January 6, 1995 in Sports

Exercise Buffs Gravitating To High Tech But Old Standbys Such As Free Weights Still Have Place In Clubs, Home Gyms

Craig Evarts Correspondent
 

How can I accomplish my New Year’s fitness resolution, and be the trendiest jock on the block?

The hot new trend in gym equipment is actually not new at all. In the big gyms it seems equipment that has been available for 10 years on the Coast and two years in the Inland Northwest are just now gaining widespread popularity.

The Gravitron is the most fascinating.

It’s a practical combination of useful technology and older, proven techniques to build upper bodies. Methods include pullups, chinups and dips. According to Dave Zimmerman, a personal trainer formerly at Stroh’s Fitness and Racquet Club, “the machine is designed to give you full-range resistance at a lower body weight.”

The machine is simple in design and use. When starting, the user enters his or her weight and skill level into the machine’s computer. Then they step on to the platform and exercise in the gravitational field of their choice. The platform lifts and pushes the user up as much as needed. While using the machine, the user’s body weight can be reduced until it’s like exercising on the Space Shuttle.

Zimmerman says the idea is to “reduce your body weight to allow you to do more repetitions.” The machine monitors both time and repetitions.

The machine will not be found in many basement gyms with the high-tech price tag of $7,500.

Popular equipment for the basement gym is going back to fire-tested basics - free weights, infomercial products and non-motorized treadmills.

“Non-motorized treadmills are the revived fad,” said Bob Wilson of Kustom Built Exercise Equipment, noting his company receives “two calls a day asking for Bruce Jenner Power Walk.”

The advantage of non-motorized equipment over models with motors underneath the machine is an increased walking area, making a longer stride possible.

The “soft deck” is the biggest advancement in treadmill design. It is a walking surface that absorbs shock. The treadmills that require no maintenance are the most sought after.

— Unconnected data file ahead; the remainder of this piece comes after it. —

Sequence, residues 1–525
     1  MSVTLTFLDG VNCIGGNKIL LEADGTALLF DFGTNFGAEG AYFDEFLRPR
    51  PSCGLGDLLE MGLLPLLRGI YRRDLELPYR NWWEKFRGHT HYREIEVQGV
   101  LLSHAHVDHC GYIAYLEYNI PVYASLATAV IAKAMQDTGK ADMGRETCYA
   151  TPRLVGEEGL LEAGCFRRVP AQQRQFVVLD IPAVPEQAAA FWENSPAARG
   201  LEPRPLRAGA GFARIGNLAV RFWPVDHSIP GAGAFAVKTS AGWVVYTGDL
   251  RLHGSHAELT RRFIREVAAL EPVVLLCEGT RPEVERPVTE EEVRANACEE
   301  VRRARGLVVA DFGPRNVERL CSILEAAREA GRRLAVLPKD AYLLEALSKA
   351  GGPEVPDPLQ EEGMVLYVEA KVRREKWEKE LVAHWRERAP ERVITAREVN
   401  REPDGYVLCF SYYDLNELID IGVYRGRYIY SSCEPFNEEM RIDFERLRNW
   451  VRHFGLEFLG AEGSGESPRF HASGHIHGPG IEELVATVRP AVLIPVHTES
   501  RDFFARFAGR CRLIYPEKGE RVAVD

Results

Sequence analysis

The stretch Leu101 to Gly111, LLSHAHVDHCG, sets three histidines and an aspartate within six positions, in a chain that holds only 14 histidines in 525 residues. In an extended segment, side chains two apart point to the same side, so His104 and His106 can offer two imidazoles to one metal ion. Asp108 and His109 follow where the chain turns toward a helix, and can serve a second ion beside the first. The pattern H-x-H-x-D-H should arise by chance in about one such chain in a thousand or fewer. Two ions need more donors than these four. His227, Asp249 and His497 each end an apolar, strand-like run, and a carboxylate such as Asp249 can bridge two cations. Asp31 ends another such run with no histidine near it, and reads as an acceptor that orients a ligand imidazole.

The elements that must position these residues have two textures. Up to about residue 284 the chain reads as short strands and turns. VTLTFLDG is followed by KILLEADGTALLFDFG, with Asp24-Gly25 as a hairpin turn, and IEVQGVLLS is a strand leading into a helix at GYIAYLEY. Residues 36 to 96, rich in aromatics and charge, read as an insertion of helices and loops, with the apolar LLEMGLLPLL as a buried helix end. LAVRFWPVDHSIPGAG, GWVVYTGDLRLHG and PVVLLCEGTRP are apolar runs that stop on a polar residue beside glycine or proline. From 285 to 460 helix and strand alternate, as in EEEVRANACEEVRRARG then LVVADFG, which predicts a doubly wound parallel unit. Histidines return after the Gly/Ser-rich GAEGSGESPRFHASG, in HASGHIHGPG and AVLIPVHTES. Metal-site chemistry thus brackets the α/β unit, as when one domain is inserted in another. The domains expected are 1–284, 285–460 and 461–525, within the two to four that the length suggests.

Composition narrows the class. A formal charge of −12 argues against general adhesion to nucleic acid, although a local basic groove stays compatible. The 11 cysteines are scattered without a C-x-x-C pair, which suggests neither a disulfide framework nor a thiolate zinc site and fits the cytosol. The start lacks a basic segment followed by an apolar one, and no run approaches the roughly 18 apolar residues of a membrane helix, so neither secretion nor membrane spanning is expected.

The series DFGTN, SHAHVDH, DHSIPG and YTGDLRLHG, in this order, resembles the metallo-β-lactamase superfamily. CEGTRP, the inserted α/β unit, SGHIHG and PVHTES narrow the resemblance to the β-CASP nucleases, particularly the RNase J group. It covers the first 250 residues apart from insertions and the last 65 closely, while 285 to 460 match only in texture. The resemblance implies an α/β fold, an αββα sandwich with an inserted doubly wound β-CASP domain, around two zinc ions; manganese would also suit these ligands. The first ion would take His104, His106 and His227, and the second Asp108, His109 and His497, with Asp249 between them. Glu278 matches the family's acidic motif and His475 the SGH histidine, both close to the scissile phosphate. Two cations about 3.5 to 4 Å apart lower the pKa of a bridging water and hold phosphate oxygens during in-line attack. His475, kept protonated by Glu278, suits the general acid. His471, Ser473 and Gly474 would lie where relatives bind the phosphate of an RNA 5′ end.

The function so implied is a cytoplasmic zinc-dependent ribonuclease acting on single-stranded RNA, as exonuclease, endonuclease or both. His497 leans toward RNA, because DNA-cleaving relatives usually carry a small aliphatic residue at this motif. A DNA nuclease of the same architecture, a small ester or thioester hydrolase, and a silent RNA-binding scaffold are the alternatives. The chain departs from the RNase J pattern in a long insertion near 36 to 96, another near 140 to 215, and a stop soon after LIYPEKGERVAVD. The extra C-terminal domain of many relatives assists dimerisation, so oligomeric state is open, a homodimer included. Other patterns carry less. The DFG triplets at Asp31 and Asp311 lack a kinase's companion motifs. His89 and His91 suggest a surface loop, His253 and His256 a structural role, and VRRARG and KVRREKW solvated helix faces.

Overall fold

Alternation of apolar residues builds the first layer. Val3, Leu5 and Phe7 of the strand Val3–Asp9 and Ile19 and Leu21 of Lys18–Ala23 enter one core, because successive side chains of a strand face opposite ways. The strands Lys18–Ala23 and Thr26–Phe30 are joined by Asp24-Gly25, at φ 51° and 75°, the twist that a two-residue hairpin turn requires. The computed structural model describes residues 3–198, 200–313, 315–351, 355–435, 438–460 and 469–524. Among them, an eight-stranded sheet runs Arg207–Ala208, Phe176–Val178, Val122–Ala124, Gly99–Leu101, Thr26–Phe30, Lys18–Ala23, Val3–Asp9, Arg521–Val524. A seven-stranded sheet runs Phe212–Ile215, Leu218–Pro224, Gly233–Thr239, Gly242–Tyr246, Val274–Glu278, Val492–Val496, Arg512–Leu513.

Another improvement on an age-old design is the Power Block, a change to the dumbbell that saves the user a room full of space and sells for half the price of dumbbells. At first glance, it could be a rodent trap of the 22nd century. You wonder if, once you grab on, it will let you free.

It operates exactly as a dumbbell. However, to change the weight, the user removes iron cube shells at 5-pound intervals. With its simplicity and advanced design, the Power Block is a great addition to the home gym.

In both the home and gym, free weights are regaining popularity.

Tami Swingle has been lifting free weights for more than two years and says the most dramatic increase is among women. Zimmerman attributes this trend to women getting more comfortable in the gym. “Women are using free weights more,” he said. “They are getting used to the club setting.”

All the passing trends are fascinating, Wilson advises, “Do whatever you’re going to do, even if it is only a $200 stationary bike.”

MEMO: This sidebar ran with story: GETTING FIT Top 5 fitness apparatus or activities in poll of local clubs or gyms: 1. Treadmill 2. Stairclimber (all climbing apparatus) 3. Weights (machines and free weights) 4. Bicycles 5. Aerobics (includes swimming)

The names may be different, but the objective is the same - to make you sweat and get you fit and trim. Fitness directors at local clubs and gyms used high-tech names to describe some of the pieces of equipment used by Inland Empire residents to get in shape or keep fit. “There’s some real state-of-the-art stuff out there,” said Jerry Stroh, owner of Stroh’s Fitness Center. He said the exercise craze has gone “far beyond one piece of equipment.” “People are combining two or three things, like a treadmill and stairclimber, for a cardiovascular workout, then are getting in some aerobics and some weights for a total workout,” noted Keith Snyder at Spokane Falls Community College. In an informal poll of some local fitness experts, cardiovascular workouts appear by far the most popular, followed by muscle-toning and aerobics.

This sidebar ran with story: GETTING FIT Top 5 fitness apparatus or activities in poll of local clubs or gyms: 1. Treadmill 2. Stairclimber (all climbing apparatus) 3. Weights (machines and free weights) 4. Bicycles 5. Aerobics (includes swimming)

The names may be different, but the objective is the same - to make you sweat and get you fit and trim. Fitness directors at local clubs and gyms used high-tech names to describe some of the pieces of equipment used by Inland Empire residents to get in shape or keep fit. “There’s some real state-of-the-art stuff out there,” said Jerry Stroh, owner of Stroh’s Fitness Center. He said the exercise craze has gone “far beyond one piece of equipment.” “People are combining two or three things, like a treadmill and stairclimber, for a cardiovascular workout, then are getting in some aerobics and some weights for a total workout,” noted Keith Snyder at Spokane Falls Community College. In an informal poll of some local fitness experts, cardiovascular workouts appear by far the most popular, followed by muscle-toning and aerobics.


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